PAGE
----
Also not included in the report were star-salaried contracts (defined as members who negotiated $10,000 or more of overscale per week), as these numbers would not reflect the experience of the majority of the membership and would skew the data. Choosing the three complete years contained in our expanded database available at the time of the research was hoped to give as complete a picture as possible that was not tied to any one season’s specific productions to the degree possible.
Examining Gender Disparities
In this study, we examined four specific contract types offered to our members nationally. We researched principal employment in plays, principal employment in musicals, chorus employment and stage management employment across the nation. From there, we took those same contract categories and applied it to those opportunities that were offered on a LORT Agreement, Equity’s second largest contract. For the Council report, all contracts were analyzed and showed that these national and LORT figures are typical and representative.
To the left is an infographic displaying the distribution of new work opportunities that went to men and women over the course of 2013-2015.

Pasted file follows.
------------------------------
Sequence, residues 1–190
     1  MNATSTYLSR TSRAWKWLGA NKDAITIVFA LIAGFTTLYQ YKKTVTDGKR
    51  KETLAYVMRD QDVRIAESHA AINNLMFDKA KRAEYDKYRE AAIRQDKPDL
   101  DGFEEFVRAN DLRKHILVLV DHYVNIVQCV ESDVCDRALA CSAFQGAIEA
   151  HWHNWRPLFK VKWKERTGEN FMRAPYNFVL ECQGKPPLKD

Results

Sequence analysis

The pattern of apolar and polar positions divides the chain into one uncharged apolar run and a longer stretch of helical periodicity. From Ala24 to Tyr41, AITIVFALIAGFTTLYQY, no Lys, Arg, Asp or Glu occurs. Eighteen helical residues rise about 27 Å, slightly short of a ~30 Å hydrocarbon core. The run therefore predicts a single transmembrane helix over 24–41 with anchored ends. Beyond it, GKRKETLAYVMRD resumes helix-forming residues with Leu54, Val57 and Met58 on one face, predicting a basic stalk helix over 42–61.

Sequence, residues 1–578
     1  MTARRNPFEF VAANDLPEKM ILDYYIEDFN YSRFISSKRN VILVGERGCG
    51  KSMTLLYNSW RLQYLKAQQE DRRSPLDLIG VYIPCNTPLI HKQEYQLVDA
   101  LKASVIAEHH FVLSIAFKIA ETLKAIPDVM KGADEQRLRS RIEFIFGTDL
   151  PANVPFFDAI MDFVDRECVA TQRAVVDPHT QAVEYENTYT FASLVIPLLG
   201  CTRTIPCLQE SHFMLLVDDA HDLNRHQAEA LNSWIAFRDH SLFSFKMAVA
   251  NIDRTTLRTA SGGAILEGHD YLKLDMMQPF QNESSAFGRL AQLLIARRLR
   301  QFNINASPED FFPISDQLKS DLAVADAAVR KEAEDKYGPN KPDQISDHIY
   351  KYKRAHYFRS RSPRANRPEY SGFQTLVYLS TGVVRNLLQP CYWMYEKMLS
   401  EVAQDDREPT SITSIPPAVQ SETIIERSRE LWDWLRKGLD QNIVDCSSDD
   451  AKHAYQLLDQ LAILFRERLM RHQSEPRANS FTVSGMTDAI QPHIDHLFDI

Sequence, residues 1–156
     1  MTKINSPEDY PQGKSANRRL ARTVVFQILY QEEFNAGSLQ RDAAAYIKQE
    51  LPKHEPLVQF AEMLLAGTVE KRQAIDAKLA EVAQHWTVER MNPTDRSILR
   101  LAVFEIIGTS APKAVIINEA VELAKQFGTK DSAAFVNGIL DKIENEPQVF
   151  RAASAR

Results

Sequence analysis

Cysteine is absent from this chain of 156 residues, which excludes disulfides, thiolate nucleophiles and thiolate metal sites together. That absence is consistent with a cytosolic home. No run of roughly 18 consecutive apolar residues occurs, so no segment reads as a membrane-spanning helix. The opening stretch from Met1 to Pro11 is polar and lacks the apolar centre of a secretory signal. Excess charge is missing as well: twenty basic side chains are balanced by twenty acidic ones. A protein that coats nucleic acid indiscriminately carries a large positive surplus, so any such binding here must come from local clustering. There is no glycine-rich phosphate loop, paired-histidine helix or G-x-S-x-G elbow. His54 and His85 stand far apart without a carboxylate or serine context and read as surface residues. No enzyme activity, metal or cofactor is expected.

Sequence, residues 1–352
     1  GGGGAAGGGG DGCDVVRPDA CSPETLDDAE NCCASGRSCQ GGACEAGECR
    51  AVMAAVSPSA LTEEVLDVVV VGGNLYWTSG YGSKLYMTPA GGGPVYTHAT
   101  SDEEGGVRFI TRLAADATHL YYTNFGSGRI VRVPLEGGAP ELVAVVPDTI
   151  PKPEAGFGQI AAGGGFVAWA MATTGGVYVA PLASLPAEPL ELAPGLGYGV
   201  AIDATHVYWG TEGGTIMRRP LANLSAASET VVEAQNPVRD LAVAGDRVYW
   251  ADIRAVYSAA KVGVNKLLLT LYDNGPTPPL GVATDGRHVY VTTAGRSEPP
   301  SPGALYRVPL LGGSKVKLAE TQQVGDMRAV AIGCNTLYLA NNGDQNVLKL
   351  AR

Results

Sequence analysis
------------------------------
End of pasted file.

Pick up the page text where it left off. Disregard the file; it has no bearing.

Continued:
One of the important aspects we wanted to investigate was, similar to our membership, if the work was being divided evenly. It’s not. What we have discovered is that our industry is hiring more men—sometimes up to 20 percent more—than women.
In every on-stage category of employment, more than 50 percent of the contracts were offered to men. Between 2013-2015, women made up only 39.1 percent of contracts worked in principal employment in plays. For LORT contracts in the same category, women were offered 38.6 percent of the available contracts. The closest women come to equaling men on stage is in national chorus employment, with 42.9 percent compared to the 57.1 percent of the work going to men. Only in stage management do we see a reverse of this trend.